What is significant is that I did not see a tyre failure on any car during the race. Take a bow, tyre engineers!

March 17, 2008 at 4:34 am Leave a comment

Our Experts on: Tyre pressure, part 2

We explored Tyre Pressures on the CarbonBlack blog in the last post. Now, let’s move on to a specific example, using our newfound tyre knowledge for some detective work.

First, consider the tyre pressure for a VX/VT series Commodore. According to the Tyre and Rim Association load tables, 4 tyres under a Holden Commodore inflated to 250 kPa (36 p.s.i.) can carry a load of 2.6 tonne. That’s a pretty overloaded Commodore. With two passengers and luggage, you’re weighing in at about 70% of that. According to the Tyre Standards, that means you only need about 23 psi in the tyres of your average Commodore.

But if you look at the actual tyre placard on a Commodore, it says to inflate the tyres to 26-29 psi. Why the difference? First off, because engineers generally don’t specify pressures that are barely adequate – that way lies trouble. Secondly, a Commodore with tyres inflated to 23 psi would handle like mush. As we’ve noted before, the higher the pressure, the better the handling.

Here’s where our detective work comes in. What if we look at the tyre placard for a Calais? For those not acquainted with it, the Calais used to be thought of as half of a limousine ride – a luxury car. However, if you look at the tyre tables, the tyre pressure specified is 36 psi, significantly higher than the Commodore. That gives you some quite twitchy steering, and means you feel a lot more bumps – not exactly what’s expected when you buy a luxury vehicle.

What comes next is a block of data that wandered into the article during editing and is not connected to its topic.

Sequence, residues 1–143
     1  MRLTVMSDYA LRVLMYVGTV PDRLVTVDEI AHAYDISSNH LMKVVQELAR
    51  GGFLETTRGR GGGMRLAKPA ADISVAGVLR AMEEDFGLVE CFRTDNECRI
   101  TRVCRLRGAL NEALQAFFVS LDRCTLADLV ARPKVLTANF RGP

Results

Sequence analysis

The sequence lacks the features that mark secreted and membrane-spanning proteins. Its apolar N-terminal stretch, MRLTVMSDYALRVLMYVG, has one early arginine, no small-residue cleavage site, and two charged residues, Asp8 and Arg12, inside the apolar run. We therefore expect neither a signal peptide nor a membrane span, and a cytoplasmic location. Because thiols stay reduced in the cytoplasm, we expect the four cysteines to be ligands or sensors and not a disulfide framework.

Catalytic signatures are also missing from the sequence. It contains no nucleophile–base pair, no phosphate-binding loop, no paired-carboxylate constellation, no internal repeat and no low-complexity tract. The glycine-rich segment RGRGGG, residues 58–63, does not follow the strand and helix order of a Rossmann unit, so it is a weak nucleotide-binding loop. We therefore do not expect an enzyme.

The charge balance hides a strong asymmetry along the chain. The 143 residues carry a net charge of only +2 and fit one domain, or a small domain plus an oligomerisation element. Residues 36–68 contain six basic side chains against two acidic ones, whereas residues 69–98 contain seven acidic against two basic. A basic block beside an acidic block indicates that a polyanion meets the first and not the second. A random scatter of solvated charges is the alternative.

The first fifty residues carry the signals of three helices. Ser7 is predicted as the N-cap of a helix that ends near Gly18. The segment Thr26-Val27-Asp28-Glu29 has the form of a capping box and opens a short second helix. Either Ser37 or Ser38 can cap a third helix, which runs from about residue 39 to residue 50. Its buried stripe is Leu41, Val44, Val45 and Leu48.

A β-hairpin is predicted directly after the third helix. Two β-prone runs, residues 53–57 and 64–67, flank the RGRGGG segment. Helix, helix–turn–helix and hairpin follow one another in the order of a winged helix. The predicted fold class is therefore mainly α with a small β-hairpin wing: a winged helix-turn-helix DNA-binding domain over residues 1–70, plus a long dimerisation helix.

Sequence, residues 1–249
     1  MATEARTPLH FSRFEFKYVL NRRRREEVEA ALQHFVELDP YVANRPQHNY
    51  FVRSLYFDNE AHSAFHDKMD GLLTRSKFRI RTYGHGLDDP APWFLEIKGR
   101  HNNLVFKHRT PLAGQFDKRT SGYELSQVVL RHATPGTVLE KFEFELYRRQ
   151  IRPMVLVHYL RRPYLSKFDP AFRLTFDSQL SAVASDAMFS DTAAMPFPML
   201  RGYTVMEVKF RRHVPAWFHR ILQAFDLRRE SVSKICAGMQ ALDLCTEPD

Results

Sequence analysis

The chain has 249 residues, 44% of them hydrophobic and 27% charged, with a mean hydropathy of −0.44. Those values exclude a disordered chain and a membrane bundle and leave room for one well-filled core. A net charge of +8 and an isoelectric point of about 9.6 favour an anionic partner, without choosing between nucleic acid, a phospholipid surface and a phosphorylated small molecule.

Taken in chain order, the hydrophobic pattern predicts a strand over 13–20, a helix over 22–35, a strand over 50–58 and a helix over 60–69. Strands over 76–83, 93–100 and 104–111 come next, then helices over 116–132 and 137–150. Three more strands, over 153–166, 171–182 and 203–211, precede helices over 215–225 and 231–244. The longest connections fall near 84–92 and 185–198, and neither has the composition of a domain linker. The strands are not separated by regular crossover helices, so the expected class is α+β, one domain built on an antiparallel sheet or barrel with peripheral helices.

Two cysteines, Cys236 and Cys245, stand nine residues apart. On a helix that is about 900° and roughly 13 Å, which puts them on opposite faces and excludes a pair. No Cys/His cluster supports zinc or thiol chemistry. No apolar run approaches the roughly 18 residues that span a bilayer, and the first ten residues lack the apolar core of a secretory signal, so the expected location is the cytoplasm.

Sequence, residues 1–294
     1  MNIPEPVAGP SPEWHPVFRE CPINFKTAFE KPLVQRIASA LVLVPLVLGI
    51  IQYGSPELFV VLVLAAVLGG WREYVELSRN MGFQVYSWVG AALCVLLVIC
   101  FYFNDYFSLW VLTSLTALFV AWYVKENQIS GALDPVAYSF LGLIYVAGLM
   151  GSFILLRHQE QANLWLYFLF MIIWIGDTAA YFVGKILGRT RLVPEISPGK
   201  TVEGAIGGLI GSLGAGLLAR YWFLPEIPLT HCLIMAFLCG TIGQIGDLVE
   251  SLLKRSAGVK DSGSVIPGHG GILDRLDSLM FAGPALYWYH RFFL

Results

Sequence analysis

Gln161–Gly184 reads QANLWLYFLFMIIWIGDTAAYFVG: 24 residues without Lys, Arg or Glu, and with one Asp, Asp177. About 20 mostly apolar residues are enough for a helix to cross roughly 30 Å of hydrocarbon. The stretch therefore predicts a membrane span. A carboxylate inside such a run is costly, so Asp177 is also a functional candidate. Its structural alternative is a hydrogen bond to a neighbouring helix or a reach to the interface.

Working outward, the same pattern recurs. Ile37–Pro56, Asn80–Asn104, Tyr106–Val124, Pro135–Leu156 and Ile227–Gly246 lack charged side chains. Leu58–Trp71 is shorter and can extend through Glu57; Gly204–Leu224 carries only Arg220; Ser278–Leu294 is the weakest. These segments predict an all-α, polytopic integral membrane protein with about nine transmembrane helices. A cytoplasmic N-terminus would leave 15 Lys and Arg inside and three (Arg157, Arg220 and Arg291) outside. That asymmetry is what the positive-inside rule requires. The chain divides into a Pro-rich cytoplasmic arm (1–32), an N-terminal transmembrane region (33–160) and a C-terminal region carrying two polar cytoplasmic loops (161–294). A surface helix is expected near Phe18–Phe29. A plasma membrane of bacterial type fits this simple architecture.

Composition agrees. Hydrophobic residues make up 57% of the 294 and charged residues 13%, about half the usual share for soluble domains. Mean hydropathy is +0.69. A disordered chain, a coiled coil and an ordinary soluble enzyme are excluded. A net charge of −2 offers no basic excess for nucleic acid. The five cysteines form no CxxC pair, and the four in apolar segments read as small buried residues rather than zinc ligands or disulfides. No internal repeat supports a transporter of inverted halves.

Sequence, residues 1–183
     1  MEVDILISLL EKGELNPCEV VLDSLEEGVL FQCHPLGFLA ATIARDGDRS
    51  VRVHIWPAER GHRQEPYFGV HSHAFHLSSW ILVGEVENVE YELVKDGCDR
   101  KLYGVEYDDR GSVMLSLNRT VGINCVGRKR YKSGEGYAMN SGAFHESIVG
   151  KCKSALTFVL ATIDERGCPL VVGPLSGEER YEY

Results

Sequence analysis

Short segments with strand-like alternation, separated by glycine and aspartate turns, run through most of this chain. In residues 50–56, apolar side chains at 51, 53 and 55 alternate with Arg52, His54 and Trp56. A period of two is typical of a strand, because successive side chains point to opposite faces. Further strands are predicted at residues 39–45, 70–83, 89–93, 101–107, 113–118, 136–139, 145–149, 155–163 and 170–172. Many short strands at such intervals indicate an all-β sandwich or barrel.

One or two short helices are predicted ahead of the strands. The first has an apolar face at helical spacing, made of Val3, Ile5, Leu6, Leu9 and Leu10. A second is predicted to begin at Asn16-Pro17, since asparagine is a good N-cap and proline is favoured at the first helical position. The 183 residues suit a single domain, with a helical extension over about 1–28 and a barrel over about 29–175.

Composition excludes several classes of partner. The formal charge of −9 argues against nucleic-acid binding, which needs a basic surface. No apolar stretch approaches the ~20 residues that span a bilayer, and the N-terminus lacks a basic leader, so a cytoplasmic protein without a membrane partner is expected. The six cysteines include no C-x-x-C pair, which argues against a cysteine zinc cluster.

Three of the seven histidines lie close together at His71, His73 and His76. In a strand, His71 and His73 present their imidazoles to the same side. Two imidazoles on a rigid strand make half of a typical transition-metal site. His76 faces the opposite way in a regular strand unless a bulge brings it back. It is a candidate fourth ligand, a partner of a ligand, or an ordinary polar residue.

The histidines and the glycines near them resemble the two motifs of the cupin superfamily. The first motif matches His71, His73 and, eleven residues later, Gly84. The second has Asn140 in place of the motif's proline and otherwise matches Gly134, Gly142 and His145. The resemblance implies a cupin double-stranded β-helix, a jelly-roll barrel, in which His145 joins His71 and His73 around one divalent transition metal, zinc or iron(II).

So what caused the engineers who designed the VE Series Holden Calais to specify such high pressures? GMH is very coy about the weight of the car- it cannot be found in the owner’s manual, only the maximum weight permitted over each axle. The answer might be found in the delays that accompanied the release of the new VE model Holden. Loaded with extras, the VE Calais did not meet the intended design parameters for fuel consumption. Reportedly, the engineers were chasing a figure 0.1 litres per 100 km lower. Their solution apparently was to increase the tyre pressures. This lowers the rolling resistance of the tyres, and improves fuel consumption. There is a lesson here for all of us, if the fillings in your teeth can stand the ride – increase the tyre pressures, and your fuel consumption will reduce. Even maintaining the pressure at that intended will pay off in lower fuel consumption.

So have a look for your tyre pressure placard somewhere on the car, or in your car handbook. Mostly, it’s on the driver’s door or door pillar. It specifies the pressures that the car engineers are happy with to make the car ‘handle’ the way they want it to. If the fillings in your teeth can’t cope with it, accept that there is a penalty involved, paid for at the fuel bowser.

DISCLAIMER.
The writer drives a VX SS Commodore, and would just love to get his hands on a VE 6 litre “SS”, because “it handles”.

March 3, 2008 at 8:11 am 4 comments